Trucker Shortage Problem in the United StatesApril 18, 2019
In recent years, there has been a steady decline in commercial truck drivers in this country. Industry experts point to several factors, including high turnover rates, an aging workforce, and safety concerns. Truck companies are trying to entice truck drivers with higher wages and signing bonuses. Further, new legislation would allow 18-year-olds to drive a commercial truck, as current federal law states that drivers cannot drive across state lines until they are 21-years-old. In addition to the safety impact, the shortage is also resulting in delayed deliveries and higher prices. Truck companies, legislators, and safety officials are hoping to address these issues and come up with safe and effective solutions to the problem.
Safety Implications of the Trucker Shortage
The trucking industry has always been known for its tight deadlines and long hours. The driver shortage has put increased pressure on drivers to work longer shifts to make up for the shortage of drivers. Drivers are often on the road for months at a time, with little to no time off. As a result, too many truck drivers are operating a massive vehicle on little sleep, which can be extremely dangerous. If a truck driver has not slept for 18 consecutive hours, the effect on the body is similar to having a blood alcohol content (BAC) of 0.08 percent. Drowsy driving can lead to devastating truck accidents.
Because of the high demand for truck drivers, truck companies are more likely to hire less qualified drivers. However, by law, truck companies must follow specific guidelines when hiring drivers. For example, they must have a valid commercial driver’s license and proven driving experience. They must also meet the age requirement and be in good health. If they were previously convicted for driving under the influence, the individual will not be hired. These laws are in place to protect the drivers, as well as the general public.
Potential New Legislation and Solutions
The Developing Responsible Individuals for a Vibrant Economy, or DRIVE-Safe Act, would change the current law, enabling 18-year-olds to cross state lines after completing a 400-hour training program. According to a Senator from Indiana, the apprentice program will open career opportunities for young people who are looking for a job that offers comprehensive training, greater career options, and access to higher paying jobs. This could help fill the gap left by retired truck drivers or those who left for other opportunities.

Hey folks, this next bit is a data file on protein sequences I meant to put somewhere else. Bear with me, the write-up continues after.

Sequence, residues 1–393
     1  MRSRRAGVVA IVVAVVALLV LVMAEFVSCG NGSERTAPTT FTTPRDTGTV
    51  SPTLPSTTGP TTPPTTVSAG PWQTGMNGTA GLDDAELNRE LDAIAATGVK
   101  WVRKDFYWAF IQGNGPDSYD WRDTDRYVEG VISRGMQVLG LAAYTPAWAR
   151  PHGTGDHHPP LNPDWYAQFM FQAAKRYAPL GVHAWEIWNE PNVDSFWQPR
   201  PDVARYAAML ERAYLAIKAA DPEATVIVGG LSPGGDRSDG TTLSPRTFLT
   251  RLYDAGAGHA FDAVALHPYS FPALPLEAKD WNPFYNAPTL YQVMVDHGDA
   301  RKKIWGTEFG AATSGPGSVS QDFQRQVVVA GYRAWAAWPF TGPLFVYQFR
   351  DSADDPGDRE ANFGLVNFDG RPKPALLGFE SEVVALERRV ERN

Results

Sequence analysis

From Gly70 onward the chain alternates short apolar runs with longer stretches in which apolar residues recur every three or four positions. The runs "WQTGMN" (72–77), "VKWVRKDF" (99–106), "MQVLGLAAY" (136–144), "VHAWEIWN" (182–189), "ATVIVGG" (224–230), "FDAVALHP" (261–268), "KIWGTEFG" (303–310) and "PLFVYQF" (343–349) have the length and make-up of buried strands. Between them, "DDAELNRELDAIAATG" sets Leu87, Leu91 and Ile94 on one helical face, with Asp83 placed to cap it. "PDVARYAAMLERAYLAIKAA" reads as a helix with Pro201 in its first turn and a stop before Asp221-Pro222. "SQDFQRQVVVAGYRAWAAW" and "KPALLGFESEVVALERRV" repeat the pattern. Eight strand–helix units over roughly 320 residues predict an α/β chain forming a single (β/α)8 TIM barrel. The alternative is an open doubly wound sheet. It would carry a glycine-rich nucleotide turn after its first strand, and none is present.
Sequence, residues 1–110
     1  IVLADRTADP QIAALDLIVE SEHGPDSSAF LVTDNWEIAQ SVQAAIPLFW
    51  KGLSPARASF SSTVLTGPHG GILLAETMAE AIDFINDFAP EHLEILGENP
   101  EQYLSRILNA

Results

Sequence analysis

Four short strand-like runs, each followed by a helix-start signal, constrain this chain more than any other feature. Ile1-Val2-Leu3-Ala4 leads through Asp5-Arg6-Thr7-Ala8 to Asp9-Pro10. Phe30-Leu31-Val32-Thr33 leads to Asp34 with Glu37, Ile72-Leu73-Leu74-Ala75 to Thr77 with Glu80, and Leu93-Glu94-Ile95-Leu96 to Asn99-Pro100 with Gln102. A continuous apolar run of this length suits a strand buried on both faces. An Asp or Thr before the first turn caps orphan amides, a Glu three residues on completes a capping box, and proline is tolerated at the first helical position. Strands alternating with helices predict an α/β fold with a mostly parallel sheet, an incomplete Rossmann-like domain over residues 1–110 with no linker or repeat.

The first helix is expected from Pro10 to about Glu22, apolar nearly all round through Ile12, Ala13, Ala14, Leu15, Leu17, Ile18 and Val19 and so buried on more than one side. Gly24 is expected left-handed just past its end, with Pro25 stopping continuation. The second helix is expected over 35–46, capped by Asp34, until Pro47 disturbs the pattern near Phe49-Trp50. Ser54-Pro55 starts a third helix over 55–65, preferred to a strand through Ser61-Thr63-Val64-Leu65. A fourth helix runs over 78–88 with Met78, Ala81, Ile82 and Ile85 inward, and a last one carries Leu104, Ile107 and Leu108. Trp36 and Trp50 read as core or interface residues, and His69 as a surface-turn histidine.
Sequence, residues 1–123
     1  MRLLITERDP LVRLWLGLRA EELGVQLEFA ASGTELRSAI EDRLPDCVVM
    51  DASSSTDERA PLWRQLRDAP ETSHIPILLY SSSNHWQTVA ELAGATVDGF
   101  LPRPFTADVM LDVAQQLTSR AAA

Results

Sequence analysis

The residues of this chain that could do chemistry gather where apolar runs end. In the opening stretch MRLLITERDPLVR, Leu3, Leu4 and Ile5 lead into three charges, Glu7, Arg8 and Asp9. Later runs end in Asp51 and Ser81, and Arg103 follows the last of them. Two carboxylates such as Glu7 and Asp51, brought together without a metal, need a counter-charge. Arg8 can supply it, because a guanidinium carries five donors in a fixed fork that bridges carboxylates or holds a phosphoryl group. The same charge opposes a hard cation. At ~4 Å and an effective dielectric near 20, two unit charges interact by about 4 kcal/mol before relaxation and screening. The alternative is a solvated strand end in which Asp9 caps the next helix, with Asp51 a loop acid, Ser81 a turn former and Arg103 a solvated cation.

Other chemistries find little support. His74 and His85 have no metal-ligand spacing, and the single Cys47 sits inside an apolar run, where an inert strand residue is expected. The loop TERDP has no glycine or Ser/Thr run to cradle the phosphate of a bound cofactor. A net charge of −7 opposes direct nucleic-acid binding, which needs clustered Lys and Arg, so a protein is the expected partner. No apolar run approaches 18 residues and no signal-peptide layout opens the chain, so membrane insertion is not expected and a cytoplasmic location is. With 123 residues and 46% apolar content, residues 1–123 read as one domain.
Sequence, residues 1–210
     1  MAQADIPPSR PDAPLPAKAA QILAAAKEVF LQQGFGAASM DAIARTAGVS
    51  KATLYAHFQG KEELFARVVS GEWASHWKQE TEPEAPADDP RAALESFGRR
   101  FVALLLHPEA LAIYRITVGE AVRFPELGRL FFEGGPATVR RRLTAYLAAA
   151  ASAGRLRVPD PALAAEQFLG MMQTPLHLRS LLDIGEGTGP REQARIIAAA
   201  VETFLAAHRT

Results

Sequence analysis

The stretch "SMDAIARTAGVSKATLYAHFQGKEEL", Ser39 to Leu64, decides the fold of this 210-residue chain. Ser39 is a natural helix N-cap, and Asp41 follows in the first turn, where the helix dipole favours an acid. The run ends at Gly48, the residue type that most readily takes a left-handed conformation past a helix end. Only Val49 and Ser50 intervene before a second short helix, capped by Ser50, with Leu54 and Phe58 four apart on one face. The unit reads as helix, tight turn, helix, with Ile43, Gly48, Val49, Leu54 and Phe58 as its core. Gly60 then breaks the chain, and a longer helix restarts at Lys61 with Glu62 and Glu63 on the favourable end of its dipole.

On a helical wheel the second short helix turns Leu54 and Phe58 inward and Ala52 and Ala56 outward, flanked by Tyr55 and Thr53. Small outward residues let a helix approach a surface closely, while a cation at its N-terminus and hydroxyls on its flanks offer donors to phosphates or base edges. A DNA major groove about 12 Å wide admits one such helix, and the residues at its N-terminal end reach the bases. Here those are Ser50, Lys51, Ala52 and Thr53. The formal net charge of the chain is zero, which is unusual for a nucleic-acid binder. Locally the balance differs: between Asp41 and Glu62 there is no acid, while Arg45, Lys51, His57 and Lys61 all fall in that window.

Safety groups opposed the legislation, saying that the training requirements are insufficient, and that they fail to address the high turnover rates, long shifts, and other factors that contribute to drowsy driving. They strongly believe that Congress should oppose the legislation, and that failing to do so would endanger drivers on the road.
Baltimore Truck Accident Lawyers at LeViness, Tolzman & Hamilton Advocate for Victims of Truck Accidents
If you have been injured in a truck accident, you are urged to contact the Baltimore truck accident lawyers at LeViness, Tolzman & Hamilton as soon as possible. We will take every step necessary to determine who is responsible for the accident. Our experienced legal team understands how devastating truck accidents can be, and we will work tirelessly to secure the maximum financial compensation you deserve for your injuries. To schedule a free, confidential consultation, call us today at 800-547-4LAW (4529) or contact us online.
Our offices are located in Baltimore, Columbia, Glen Burnie, and Towson, allowing us to represent truck accident victims in Maryland, including those in Anne Arundel County, Baltimore County, Carroll County, Harford County, Howard County, Montgomery County, Maryland’s Western Counties, Prince George’s County, Queen Anne’s County, Southern Maryland, and the Eastern Shore, as well as the communities of Catonsville, Essex, Halethorpe, Middle River, Rosedale, Gwynn Oak, Brooklandville, Dundalk, Pikesville, Nottingham, Windsor Mill, Lutherville, Timonium, Sparrows Point, Ridgewood, and Elkridge.